1. kgsGtp versions 3.3.12 and later, at least up to 3.3.20, have a bug that makes them babble a debug line, "ACTION IS TO MOVE OR SCORE", over and over while playing. Keep using version 3.3.11. You don't believe that any programmer worth his salt would keep the stupidest possible bug in his program over 10 versions? Check for yourself, if you don't believe me. Apparently programming go software has some pretty bad side effects on the brain.
  2. kgsGtp since early versions prints something like the following every time it begins a custom game: <init>; Starting game as black against ...; WARNING: Opponent has left game. Will give them 5 minutes to return.; Opponent has returned.
  3. kgsGtp doesn't play reliably in auto mode. Sometimes it just doesn't begin to play.
  4. kgsGtp often sees a connection loss between games. Not sure if this causes any further problems or whether this happens when somebody tries to play a game. It seems to be harmless, but is irritating.
  5. When the connection gets interrupted, kgsGtp always waits 5 minutes before trying to reconnect. Obviously kgsGtp should try at least once to reconnect immediately, as some connection losses are brief.

Since I cannot check all of these problems with every new version, please send me an email when you discover that any of these problems has been solved.

Step 1 – Install the Java Runtime Environment

If you use KGS, you already have the Java Runtime Environment. However, the KGS client CGoban runs on version 1.4, but the bot connector requires 1.5 aka version 5 or higher. If you do not have at least JRE 1.5/5 installed, you have to upgrade first. So check your Java version in Control Panel.

If you need the newer version, use the update function of Java or download the latest Java Runtime Environment and install it.

Step 2 – Install the KGS client software

If you don't have it already, download the CGoban client from and install and test it.

You could presumably use the web page Java applet as well, but it is likely better to use the full client.

Step 3 – Download the kgsGtp.jar bot connector

Create a folder for the bot software. In the examples below I will use C:\GnuGoBot. Replace that with your actual folder path. All files mentioned below should go into that folder.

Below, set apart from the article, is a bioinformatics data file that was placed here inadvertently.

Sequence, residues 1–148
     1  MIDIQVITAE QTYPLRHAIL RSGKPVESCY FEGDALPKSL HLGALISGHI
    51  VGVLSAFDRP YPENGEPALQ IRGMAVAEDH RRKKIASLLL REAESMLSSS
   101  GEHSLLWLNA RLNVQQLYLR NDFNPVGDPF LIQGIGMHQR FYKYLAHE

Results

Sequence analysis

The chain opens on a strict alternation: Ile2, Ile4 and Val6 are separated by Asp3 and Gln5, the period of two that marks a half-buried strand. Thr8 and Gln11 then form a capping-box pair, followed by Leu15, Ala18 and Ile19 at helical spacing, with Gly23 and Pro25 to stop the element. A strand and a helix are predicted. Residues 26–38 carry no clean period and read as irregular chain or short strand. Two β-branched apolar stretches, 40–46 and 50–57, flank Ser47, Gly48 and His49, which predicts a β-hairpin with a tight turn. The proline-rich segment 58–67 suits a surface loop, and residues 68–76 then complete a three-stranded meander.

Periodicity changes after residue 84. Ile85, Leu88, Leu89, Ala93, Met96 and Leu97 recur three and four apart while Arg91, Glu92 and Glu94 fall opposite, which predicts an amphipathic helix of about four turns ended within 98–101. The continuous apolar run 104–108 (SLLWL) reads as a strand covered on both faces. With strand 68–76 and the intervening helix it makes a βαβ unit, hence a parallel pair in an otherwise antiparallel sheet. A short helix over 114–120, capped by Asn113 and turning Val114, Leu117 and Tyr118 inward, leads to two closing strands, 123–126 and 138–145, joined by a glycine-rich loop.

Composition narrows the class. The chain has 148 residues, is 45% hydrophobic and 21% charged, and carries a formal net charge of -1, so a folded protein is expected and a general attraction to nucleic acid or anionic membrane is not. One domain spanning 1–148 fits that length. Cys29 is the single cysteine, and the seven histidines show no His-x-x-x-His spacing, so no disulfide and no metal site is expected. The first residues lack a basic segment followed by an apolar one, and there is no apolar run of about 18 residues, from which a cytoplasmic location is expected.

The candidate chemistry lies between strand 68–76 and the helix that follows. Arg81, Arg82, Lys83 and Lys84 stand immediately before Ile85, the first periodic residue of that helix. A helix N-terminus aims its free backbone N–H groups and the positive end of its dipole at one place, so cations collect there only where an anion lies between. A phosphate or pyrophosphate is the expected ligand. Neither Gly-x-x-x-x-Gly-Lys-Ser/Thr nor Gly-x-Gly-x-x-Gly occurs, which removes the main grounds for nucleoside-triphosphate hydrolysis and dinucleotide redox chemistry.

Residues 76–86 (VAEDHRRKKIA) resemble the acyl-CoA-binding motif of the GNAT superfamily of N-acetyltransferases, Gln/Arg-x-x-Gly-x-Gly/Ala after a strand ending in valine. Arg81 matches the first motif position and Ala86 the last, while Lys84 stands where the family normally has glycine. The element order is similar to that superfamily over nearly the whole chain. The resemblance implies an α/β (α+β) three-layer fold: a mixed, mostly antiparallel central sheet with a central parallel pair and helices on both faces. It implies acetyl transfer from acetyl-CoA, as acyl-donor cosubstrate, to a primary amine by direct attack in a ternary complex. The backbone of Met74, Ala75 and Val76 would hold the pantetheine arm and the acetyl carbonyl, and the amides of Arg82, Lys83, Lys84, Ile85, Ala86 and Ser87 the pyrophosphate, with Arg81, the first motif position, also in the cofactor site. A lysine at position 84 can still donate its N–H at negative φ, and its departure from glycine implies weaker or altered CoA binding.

To download the file, rather than running it, right-click on the link, then select Save as ... .

Attention: Version 3.3.12 and, in spite of a software problem report, all versions up to at least 3.3.19 have the same defect that causes it to print a one-line debug message, "ACTION IS TO MOVE OR SCORE", over and over. Right-click here instead: version 3.3.11, or, if a fixed version has appeared, use that. Or tolerate the bad printout, which means that you can't see what's happening, who's playing, etc. The actual playing is OK. Download the broken file anyway to get the topical documentation file.

The normal download site for the latest (so far buggy) software is (the same as for the KGS client). To download, go down to the chapter "GTP client ..." and download kgsGtp.

Unzip the file and put the resulting files into the folder.

You can double-click on the included .xhtml documentation file if you like. If your browser cannot display it with a double-click, rename the file name extension from .xhtml to: .html

But that file is not important at the time being. You can leave it for later.

Step 4 – Download GNU Go


GNU Go is an open source Go playing program with fairly good playing strength, compared to other Go playing programs.

Try to find the latest Windows binary version, for example at You can use the .zip file or, if you have 7z installed, the .7z file.

Unzip the .exe file, put it into the GnuGoBot folder and make sure the filename is: gnugo.exe